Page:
In turn, this can have an impact on the timings of courtship and breeding, leaving birds in less than prime condition due to sleep deprivation and confusion over seasons and ultimately leading to a decline in bird populations.
A Wood Thrush. Disruption to habitats, including construction and deforestation, can remove vital nesting and roosting sites, which can have the knock-on effect of less quality sleep
Dark skies schemes can help to minimize the use of artificial light at night, allowing birds to thrive in natural day/night conditions and benefit from more regulated melatonin production levels. Initiatives include using shielded lighting fixtures, downward-facing lights, etc.
Regulations to minimize light pollution in urban planning guidelines can help to introduce low-intensity lighting, which is less intrusive.
Conservation projects can protect habitats from excessive artificial lighting, with specialized reserves, particularly in known breeding grounds and along migration corridors, promoting natural darkness in areas or implementing bird-friendly lighting solutions.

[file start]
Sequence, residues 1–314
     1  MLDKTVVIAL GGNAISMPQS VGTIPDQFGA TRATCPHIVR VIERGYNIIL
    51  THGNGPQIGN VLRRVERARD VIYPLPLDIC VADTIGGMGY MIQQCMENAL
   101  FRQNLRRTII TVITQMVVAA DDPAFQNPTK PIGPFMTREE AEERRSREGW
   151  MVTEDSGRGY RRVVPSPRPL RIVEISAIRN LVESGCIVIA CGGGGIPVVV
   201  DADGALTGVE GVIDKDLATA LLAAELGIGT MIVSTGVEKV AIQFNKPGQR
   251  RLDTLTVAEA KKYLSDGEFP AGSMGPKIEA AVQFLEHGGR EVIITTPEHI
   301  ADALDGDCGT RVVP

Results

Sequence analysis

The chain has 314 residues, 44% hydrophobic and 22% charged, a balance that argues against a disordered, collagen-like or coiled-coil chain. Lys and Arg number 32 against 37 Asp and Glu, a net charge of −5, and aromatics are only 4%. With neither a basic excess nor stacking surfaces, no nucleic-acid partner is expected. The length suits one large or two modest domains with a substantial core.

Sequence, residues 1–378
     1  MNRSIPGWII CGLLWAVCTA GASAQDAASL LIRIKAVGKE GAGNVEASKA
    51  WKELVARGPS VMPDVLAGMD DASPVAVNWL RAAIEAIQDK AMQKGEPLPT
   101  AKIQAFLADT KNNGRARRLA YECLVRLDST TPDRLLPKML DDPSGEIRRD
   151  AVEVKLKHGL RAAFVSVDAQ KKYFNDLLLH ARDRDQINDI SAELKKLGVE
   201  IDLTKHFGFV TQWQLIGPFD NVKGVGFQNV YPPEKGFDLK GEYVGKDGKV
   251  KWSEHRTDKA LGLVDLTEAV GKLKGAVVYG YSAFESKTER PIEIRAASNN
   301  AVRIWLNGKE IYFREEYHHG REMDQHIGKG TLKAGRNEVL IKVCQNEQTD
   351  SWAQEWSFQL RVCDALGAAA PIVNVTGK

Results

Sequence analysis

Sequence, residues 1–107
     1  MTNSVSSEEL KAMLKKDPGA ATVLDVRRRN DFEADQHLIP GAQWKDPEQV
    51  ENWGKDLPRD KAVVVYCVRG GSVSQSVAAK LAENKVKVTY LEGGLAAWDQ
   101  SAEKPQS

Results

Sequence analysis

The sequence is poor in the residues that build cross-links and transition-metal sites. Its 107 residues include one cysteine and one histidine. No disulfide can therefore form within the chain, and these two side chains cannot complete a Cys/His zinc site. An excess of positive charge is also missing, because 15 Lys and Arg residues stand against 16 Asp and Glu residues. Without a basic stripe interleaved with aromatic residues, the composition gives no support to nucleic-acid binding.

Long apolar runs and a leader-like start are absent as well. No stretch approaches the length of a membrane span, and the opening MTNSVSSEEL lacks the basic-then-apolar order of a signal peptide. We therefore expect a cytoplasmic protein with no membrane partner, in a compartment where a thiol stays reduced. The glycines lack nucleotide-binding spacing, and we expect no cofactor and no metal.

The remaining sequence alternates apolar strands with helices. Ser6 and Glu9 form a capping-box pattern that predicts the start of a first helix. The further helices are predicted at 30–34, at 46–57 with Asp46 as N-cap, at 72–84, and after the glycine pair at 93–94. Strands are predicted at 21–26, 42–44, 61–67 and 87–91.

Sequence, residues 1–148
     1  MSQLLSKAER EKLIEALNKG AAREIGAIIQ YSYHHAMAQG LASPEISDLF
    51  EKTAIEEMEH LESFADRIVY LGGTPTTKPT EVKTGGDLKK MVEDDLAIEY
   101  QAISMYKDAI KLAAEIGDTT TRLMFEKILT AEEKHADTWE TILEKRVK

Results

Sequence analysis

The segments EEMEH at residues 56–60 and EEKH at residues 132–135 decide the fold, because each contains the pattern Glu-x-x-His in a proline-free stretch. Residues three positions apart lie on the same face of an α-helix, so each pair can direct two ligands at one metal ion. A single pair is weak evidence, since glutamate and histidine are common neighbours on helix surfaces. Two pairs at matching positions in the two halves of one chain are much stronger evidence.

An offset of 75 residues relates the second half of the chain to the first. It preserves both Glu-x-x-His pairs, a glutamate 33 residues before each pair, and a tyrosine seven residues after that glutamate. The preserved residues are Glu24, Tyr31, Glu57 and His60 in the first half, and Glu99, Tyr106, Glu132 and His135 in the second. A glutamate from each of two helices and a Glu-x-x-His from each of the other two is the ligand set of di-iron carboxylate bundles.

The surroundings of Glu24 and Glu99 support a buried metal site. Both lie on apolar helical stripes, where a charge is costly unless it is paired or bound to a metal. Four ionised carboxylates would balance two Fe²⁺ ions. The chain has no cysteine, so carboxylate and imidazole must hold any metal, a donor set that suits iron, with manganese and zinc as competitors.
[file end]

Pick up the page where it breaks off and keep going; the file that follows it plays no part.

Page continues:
Daily production of melatonin plays a pivotal role in the health and day-to-day behavior of birds.
As melatonin is necessary for synchronizing a bird’s circadian rhythms, a stable and uninterrupted supply is needed to ensure they remain naturally in tune with seasonal timings, including the shortening nights as winter approaches or longer days throughout the summer.
Conservation efforts to reduce light pollution and the associated disruption of a bird’s natural day-night rhythms can help to regulate a stable pattern of melatonin production. This can have far-reaching benefits not only to the immediate health of birds but also to their chances of long-term survival.